County unemployment drops below 10% ahead of possible new restrictions

Business

San Diego’s beachfront Shore House restaurant advertises that it’s finally “kind of” open during the COVID-19 pandemic in July 2020. Since late March, businesses have gone through an evolving series of shutdowns, partial re-openings and modified health orders. (Photo by SANDY HUFFAKER/AFP via Getty Images)

SAN DIEGO (CNS) – The San Diego region’s unemployment rate dropped to 9.9% in August, a 2.5% drop from the previous month, according to figures released Friday by the state Employment Development Department.

According to the EDD, total non-farm employment in San Diego County increased by 20,500 jobs — from 1,350,800 to 1,371,300 — while farm employment added 100 jobs, from 9,500 to 9,600.

The coronavirus pandemic and related job losses loom large over the economy even as some industries resume business. The unemployment rate at this time last year was 3.4% and was just 3.1% in February, less than a third of the current rate.

While the decreasing unemployment is a positive sign, it did arrive partially because fewer people are looking for work.

“Many San Diegans are battling difficult choices in the work-life balance,” said Phil Blair, executive officer of Manpower West. “We are seeing companies offering high-paying jobs — such as engineers and programmers — and lower-paying jobs — such as production line workers. The problem is that, whether someone can make $15 or $50 per hour, people are worried about safety and taking care of kids at home. Employers need to recognize employee concerns and meet them halfway.”

The data from the EDD does not reflect changing reopening tiers, or the fact that San Diego County could roll back reopenings by as soon as Tuesday because of rising COVID-19 numbers, which could throw the entire economy into a state similar to the months of March, April and May.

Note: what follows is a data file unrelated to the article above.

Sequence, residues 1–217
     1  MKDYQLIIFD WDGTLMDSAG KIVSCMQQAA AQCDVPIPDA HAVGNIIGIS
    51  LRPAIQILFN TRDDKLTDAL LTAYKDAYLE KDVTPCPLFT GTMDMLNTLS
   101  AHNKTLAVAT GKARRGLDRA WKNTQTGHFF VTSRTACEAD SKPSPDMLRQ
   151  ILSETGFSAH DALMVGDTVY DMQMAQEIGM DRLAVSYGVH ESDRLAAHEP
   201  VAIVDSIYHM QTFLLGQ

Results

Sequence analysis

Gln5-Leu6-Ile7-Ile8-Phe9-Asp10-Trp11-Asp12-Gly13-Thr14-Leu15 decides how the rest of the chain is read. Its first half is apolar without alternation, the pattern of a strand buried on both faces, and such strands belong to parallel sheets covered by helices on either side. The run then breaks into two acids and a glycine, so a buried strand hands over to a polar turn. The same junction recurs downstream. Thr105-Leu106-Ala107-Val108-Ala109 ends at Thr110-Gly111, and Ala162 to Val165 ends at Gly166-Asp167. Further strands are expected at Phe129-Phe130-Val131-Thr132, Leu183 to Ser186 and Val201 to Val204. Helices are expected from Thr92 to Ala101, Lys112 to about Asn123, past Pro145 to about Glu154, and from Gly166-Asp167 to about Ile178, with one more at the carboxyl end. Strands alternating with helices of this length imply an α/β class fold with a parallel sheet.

Lynn Reaser, chief economist for the Fermanian Business & Economic Institute at Point Loma Nazarene University, said the county isn’t out of trouble yet.

“Following the relatively good news from August, the job market could get much tougher as we move into fall,” she said. “San Diego could be pushed back into California’s purple zone, the most restrictive one for business based on the governor’s new ranking for COVID-19 risk.”

The region’s unemployment rate rose to a record 15% in May, according to EDD data, while data from the San Diego Association of Governments shows rates of nearly 30% in May.

In August, the state’s unemployment rate dropped to 11.6% from 13.7% and the nation’s decreased to 8.5% from 10.5%.

Government jobs led in local gains, with 6,800 jobs added to the region’s total. Professional and business services gained 5,300 jobs, construction gained 3,100, trade, transportation and utilities 2,600, other services 1,200, educational and health services 1,000 and financial activities and manufacturing both gained 500 jobs.

Leisure and hospitality and information were the only industries to post job losses, with 400 and 100 jobs lost, respectively.

Comparing year-over-year, the San Diego region has lost 135,800 non- farm jobs and 400 agricultural jobs. Leisure and hospitality continue to top the list in jobs lost, with a total of 60,100 jobs lost since last August — 43,900 of which came in accommodation and food services.

Since the same time last year, trade, transportation and utilities shed 17,100 jobs, government lost 15,400, educational and health services 13,000, other services 12,000, manufacturing 7,200, information 3,800, construction 3,600, financial activities 3,300 and professional and business services lost 300 jobs.

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